He sipped his wine, then gently set the glass on the table and put his jacket on. He rolled her body up in the rug where she lay (her favourite rug). He manoeuvred the body in such a way as to place it lengthwise on the rug. She was about five foot five and the rug was easily six feet long. The hard part would be picking it up and then the actual disposal.

He had never had the need to dispose of a dead body before and didn’t really know how to do it. Should he just walk out of the building with his bundle, hail a taxi and leave it in the trunk? It worked in the movies, and they were never caught. Of course, they were also psycho, but then again, maybe so was he.

The body lay rolled in the rug. Unless someone bent over to look at the rug, no one would have a clue that a dead body was rolled inside. They’d just think the rug was longer than it was, made a thicker cylinder when all rolled up.

He poured another glass of wine. His hand, once again, steady, decisive. Why move the body at all? He would simply leave. The building was not his residence. At some point the body would be found and he might even be questioned by the police. But for now, his hand was steady so he left.


Karen Ervin has a B.A. degree in English and a Master of Library Science. She taught university students as an adjunct online instructor while working full time as a mental health librarian at a Pennsylvania State Psychiatric Hospital. She has a chapter published in “Cases on Electronic Records and Resource Management...” (IGI Global, 2014) and has served as a judge for the Independent Book Publishers Association Benjamin Franklin Awards.

She retired in 2019, married a Canadian, and currently lives in St. Catharines. Her hobbies include reading and writing poetry, stories, and book reviews.

See Brian Henry’s upcoming weekly writing classes, one-day workshops, and weekend retreats here.

Tuesday, October 26, 2021

Ten agents at David Higman agency seeking authors: adult fiction, kid lit, and nonfiction

David Higham Agency

6th Floor, Waverley House
7–12 Noel Street
London W1F 8GQ

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David Higham Agency was established in 1935. It represents commercial and literary fiction and nonfiction, in all media and languages, and are a leading agency for children’s authors and illustrators.

The agency also has a Film, TV & Theatre department for writers originating and scripting material for stage, screen and new media, as well as selling screen and stage rights to the books we handle.

Like everyone else, they want to find more diverse authors.

David Higham Agency has thirteen literary agents, ten of whom are open to new clients, including Christabel McKinley, who was recently promoted from assistant to agent. Like all new agents, she needs authors.

Christabel McKinley joined David Higham Associates in 2018, having previously worked in translation rights and at a scouting agency. She graduated with a degree in Russian and English Literature from Trinity College Dublin, after which she spent a year teaching English in South Korea.

Christabel assists Caroline Walsh and is also building a list of children’s authors and illustrators, from picture books to Young Adult fiction.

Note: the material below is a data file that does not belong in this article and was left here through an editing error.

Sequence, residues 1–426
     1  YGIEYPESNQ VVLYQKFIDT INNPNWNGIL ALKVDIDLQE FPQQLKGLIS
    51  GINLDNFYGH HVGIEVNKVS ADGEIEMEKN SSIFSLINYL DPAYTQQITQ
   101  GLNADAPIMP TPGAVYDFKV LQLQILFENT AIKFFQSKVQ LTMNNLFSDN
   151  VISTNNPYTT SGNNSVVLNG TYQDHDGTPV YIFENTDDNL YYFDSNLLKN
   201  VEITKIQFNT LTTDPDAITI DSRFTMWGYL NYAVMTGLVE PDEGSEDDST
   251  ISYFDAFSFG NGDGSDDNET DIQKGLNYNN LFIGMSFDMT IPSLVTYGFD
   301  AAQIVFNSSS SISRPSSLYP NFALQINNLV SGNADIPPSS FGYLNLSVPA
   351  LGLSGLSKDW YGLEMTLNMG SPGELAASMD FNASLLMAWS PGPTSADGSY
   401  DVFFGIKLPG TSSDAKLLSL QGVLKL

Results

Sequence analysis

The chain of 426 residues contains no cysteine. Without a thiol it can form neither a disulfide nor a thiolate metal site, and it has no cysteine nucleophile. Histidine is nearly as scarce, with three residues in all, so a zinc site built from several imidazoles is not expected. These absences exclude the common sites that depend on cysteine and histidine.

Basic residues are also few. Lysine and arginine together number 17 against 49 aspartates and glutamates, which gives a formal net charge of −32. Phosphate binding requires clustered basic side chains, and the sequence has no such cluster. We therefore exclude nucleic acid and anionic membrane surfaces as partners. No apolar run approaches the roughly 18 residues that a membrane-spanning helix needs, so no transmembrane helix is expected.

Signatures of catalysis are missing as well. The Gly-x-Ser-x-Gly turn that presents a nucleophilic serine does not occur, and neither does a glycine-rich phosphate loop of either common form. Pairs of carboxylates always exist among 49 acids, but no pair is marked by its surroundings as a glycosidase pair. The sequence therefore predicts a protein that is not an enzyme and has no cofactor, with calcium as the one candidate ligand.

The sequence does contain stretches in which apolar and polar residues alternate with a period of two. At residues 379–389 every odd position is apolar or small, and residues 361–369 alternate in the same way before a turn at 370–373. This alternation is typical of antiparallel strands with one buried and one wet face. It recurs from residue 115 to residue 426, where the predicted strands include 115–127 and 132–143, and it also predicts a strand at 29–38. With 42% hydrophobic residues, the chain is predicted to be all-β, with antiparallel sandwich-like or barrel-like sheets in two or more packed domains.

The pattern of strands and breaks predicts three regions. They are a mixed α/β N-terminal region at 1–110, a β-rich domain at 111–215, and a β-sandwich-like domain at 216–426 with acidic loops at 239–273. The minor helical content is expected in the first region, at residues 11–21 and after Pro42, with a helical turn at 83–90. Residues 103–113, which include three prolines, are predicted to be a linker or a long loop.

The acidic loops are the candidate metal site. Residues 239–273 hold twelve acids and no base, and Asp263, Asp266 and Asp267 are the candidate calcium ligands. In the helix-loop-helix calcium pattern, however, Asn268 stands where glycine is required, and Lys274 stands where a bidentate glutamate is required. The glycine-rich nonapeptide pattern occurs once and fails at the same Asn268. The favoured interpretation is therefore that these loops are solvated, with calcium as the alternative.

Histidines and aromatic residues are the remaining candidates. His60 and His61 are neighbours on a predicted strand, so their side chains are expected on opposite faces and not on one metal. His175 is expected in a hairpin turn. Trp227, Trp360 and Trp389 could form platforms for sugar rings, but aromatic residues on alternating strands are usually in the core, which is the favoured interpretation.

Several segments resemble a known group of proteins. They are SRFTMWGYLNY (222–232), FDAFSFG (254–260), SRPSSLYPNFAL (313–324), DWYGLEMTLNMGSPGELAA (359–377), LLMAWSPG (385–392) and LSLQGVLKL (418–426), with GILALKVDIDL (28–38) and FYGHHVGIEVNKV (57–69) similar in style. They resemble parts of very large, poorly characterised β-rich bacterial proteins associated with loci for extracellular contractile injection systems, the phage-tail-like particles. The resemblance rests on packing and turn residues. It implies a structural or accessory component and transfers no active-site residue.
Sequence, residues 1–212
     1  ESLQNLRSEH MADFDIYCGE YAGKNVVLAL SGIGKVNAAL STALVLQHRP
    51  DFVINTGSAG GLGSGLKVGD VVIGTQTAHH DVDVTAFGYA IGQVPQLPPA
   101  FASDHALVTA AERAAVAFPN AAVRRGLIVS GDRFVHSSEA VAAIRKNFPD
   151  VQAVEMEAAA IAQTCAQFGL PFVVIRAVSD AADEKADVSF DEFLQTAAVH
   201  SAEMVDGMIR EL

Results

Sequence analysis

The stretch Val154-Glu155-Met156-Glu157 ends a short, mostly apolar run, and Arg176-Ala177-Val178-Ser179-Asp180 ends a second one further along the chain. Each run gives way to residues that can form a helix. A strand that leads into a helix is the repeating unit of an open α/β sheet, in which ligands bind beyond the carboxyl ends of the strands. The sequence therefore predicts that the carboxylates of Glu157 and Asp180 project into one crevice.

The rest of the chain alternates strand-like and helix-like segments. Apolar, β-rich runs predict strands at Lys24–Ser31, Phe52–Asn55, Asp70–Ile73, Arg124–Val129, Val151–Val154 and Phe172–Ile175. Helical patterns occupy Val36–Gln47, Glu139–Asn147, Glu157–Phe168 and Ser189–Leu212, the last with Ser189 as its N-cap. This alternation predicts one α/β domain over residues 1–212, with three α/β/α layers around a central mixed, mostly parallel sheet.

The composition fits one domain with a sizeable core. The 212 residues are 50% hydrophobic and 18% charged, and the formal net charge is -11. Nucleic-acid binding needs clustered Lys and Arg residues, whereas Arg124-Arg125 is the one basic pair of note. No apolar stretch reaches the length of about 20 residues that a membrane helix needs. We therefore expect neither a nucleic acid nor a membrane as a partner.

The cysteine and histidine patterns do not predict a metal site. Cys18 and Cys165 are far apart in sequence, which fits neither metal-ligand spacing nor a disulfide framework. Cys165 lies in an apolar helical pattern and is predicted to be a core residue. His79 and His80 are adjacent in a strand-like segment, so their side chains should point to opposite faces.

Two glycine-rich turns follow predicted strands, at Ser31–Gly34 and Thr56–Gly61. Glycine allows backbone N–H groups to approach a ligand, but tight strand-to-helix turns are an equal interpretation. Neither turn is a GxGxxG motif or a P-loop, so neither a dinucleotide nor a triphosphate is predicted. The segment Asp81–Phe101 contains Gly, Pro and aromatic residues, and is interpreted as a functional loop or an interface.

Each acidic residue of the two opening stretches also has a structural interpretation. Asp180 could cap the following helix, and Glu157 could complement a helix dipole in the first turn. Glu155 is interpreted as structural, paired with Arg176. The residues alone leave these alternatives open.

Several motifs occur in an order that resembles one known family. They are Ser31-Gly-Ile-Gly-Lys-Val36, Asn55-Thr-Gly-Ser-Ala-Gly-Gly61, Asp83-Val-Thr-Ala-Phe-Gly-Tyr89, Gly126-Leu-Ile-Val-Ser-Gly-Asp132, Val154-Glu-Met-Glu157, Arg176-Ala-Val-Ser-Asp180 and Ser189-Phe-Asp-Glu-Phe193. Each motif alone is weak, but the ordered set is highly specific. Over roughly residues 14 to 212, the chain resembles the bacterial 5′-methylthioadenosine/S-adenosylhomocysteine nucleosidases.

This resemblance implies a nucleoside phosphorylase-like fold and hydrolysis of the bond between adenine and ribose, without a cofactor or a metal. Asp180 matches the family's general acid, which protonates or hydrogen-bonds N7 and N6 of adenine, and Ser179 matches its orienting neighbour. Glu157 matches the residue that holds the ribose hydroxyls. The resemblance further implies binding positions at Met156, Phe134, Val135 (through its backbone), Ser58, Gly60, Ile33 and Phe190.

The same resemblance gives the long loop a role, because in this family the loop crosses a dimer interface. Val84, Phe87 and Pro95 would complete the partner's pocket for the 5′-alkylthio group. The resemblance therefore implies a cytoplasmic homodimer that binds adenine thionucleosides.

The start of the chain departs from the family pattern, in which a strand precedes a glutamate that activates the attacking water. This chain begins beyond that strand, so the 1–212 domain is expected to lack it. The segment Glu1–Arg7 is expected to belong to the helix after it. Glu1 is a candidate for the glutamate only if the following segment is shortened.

She is particularly drawn to writing that feels authentically child-oriented with clear insight into the way young people feel and think. Her favourite works for children include Howl’s Moving Castle by Diana Wynne Jones, The Princess Diaries by Meg Cabot and Across the Nightingale Floor by Lian Hearn.

Query Christabel at:  

Include your name and book title in the subject header; address your chosen agent in the first line of the email {eg: Dear Ms Christabel McKinley}; for young fiction and novels attach the first 3 chapters and a synopsis {max 2 pages}. For picture books, attach the full manuscript(s); send a maximum of three texts. Attachments must be Word documents or PDFs.

Other agents at David Higham Agency accepting submissions:

Veronique Baxter, Agent and Director. She is looking for literary fiction, fiction with a speculative edgehistorical fiction that surprises and upmarket crime and thrillers.

In children’s books, Veronique is looking for standout middle-grade and YA with heart or adventure, or preferably both!

In non-fiction, she is particularly drawn to feminism, history, current affairs, memoir and narrative non-fiction.  

If you would like to submit your work to Veronique, please email:

Include a covering letter, a synopsis, and the first three chapters of your book. Full submission guidelines here.

Nicola Chang rrepresents writers of fiction and nonfiction as well as a small list of poets. She primarily represents literary fiction and general and narrative non-fiction and is looking to take on and develop writers who are working across these genres, including poets who are also working in prose.

Query Nicola at:

Full submission guidelines here.

Elise Dillsworth set up her agency in 2012, and became an associate of David Higham Agency in 2020. She represents literary and commercial fiction and nonfiction, with a keen aim to reflect writing that is international.

Query Elise at: 

Include your name and title of the work in the subject line. For fiction, attach the first three chapters {or about 50 pages} and a short synopsis in Microsoft Word or PDF format. For nonfiction, attach a proposal and a writing sample {about 30 pages}. Full guidelines here.